allochthonous: (communist party)
I am out of bed, bandages off and well and truly over being any kind of invalid. All my former teammates are enjoying a giant Christmas party in Vienna, and I am hobbling around the house picking disconsolately at a large block of marzipan which I am supposed to be putting on the Christmas cake.

But! The prospect of future employment has cheered me up no end (SO glad I had that conversation yesterday because I got a trickle of rejections today. I do wish that there wasn't a requirement to advertise jobs if organisations already know they're going to fill the position internally - it's such a waste of everyone's time. At least the emails I got today came right out and said that thye'd basically known who they were going to take all along, so I don't feel that inadequate). I still feel that saying anything about immiment Georgia-ness will jinx it as nothing's been signed, but if all goes to plan then I should be retreating to the Caucasus early next year for much eating of dumplings and cheese pies, drinking of dodgy homebrews and cheap red wine, and (if my boss has anything to do with it) being forcibly taught to ski in ex-Soviet ski resorts. Could be worse.

In honour of the prospect of my buggering off somewhere more interesting, here is something I wrote about Albania. Er, six months ago.

In which I have a Byronic moment. )

Now I am going to go and try and make some panettone. Possibly sacreligious, but I think it might work well with cranberries. After all, most things do.
allochthonous: (Default)
I am having issues with the weather at the moment. Belgrade, this is not OK.


This was a particualrly nasty shock coming straight after a week in Amsterdam, which required a blissful number of layers and the frequent use of an umbrella. In response to this unprepossessing weather, I am resolutely working from home this week (home air-conditioning unit >>>>> office air-conditioning unit) which has the added benefit of my colleagues not having to put up with a constant muttered refrain on the subject of the weather in Foreign Parts in general and the Balkans in particular. Two weeks to go before I can escape off up a mountain somewhere.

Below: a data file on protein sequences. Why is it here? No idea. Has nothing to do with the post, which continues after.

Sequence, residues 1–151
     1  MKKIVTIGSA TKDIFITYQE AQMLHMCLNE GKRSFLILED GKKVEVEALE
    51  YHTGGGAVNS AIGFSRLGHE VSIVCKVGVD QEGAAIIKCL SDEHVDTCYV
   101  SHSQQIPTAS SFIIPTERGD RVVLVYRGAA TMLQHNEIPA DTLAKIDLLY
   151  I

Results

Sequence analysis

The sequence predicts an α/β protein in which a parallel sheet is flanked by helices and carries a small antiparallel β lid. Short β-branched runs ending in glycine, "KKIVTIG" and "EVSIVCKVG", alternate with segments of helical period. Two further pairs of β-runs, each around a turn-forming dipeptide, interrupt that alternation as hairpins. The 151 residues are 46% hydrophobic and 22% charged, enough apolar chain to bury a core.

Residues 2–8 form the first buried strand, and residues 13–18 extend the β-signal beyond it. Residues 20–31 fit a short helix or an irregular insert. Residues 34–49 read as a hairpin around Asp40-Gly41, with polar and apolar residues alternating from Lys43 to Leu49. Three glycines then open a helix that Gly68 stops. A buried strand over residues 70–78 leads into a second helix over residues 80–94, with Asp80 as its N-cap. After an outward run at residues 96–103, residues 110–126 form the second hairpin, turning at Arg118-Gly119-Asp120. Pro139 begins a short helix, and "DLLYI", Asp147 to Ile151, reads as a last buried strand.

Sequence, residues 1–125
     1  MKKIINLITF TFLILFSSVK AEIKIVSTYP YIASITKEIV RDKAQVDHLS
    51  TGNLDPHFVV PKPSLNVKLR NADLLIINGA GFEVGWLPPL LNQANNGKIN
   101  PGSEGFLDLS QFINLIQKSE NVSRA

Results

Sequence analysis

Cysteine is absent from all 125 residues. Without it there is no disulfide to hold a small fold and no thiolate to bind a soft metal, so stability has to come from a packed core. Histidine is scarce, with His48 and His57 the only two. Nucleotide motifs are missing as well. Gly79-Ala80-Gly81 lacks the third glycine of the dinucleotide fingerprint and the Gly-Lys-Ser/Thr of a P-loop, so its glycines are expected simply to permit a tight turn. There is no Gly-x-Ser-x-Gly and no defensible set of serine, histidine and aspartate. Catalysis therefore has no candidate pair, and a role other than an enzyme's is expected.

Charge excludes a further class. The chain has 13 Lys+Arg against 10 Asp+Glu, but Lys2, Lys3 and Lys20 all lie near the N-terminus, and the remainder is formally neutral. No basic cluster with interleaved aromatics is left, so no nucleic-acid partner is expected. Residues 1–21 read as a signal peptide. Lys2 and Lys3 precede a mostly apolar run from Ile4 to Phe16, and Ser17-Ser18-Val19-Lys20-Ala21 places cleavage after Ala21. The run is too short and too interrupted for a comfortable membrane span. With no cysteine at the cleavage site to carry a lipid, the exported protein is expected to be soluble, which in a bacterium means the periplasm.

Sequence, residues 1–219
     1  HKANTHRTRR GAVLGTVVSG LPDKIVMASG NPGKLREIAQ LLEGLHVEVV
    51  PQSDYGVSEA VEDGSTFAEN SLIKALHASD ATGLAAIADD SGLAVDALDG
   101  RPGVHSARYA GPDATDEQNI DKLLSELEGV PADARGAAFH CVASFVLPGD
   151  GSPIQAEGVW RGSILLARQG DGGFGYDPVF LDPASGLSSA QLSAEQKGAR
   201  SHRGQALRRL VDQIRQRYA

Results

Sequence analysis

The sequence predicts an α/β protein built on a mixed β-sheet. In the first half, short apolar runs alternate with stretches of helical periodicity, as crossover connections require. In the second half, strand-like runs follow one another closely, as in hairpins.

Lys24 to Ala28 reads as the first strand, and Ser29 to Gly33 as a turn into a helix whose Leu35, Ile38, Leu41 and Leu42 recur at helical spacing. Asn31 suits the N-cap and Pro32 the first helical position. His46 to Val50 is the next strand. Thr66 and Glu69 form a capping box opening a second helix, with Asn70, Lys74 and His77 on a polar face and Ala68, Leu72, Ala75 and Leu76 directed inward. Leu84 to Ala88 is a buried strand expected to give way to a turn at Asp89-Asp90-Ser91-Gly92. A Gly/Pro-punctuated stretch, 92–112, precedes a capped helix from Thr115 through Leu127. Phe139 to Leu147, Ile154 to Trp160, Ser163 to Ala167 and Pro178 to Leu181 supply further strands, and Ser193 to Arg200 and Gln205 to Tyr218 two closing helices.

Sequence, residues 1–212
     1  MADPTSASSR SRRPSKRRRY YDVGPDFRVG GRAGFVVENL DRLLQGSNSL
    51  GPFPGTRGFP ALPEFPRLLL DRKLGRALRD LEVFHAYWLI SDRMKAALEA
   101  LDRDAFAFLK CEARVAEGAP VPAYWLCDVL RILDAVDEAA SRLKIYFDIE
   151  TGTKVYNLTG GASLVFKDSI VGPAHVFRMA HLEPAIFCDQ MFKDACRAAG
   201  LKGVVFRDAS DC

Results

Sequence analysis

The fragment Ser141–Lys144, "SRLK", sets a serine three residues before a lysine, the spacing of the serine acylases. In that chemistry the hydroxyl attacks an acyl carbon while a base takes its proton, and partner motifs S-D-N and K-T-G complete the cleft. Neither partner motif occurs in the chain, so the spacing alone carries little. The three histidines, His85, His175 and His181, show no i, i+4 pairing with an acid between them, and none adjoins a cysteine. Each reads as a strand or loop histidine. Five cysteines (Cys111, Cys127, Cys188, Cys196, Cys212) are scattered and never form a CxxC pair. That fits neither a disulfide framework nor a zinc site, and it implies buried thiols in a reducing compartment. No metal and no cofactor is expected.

In the meantime, it's histories time! I've been looking forward to the BBC adaptations of the second tetralogy for ages, and last weekend was Richard II.

Dodgy religious imagery ahoy! )

So yes, good stuff (I wouldn't have had nearly as much fun watching them without plenty to complain about), and I am very much looking forward to the Henry IVs (the buzz at the moment is that they are the best of the four). Bring on Falstaff as a Jesus-St Ursula hybrid (only joking, Richard Eyre, please don't).

PS on a still-Shakespeare-but-not-histories note, somebody tell me why we haven't had Chiwetel Ejiofor's Hamlet yet? I was wondering this earlier today and I googled and found him doing the Hecuba monologue from Hamlet on youtube and ow, I need the rest. Preferably at the Donmar Warehouse, so you can get close enough to see him properly. Somebody want to get Josie Rourke on that stat?

ETA Important point related to medieval headgear: anyone know how historically accurate the scarf/turban/giant sock combo everyone was wearing on their heads is? They really distracted me for a good proportion of the indoor scenes.
allochthonous: (then you can tell if it's summer)
Today and tomorrow are holidays here, but deadlines wait for no woman so I am sitting at home gloomily drinking coffee and researching national energy policies in the Balkans, wishing that I had remembered to go shopping yesterday (current food supplies for the next two days consist of a bag of sunflower seeds and some dried apricots). To cheer myself up, I am sharing one of the best pictures I found when digging up information about natural disasters in these parts: 


This is from 2010 when a private zoo in Montenegro was flooded and Nikica the hippo went AWOL. She spent several weeks lurking around the village looking baleful before being lured back into her enclosure when the floods subsided. If the threat of a stray hippo turning up in your garden isn't an argument for taking measures against climate change, I don't know what is.
allochthonous: (i cannot rest from travel)

Just stating for the record that Macedonia has not disappointed, what with peacocks and monasteries and bona fide miracles and coffee and Roman bits and pieces and ten whole minutes of sunshine. There was a bit of minor excitement in Skopje this afternoon which I hope for everybody’s sake does not get any more exciting, but it has otherwise been a gorgeous weekend of which more anon.

No cavemen though, and no sheet-folding lakeside ladies, although in fairness the weather was not terribly conducive to laundry, so I am prepared to let it go for the moment;  I may have to come back in the summer to check.

allochthonous: (then you can tell if it's summer)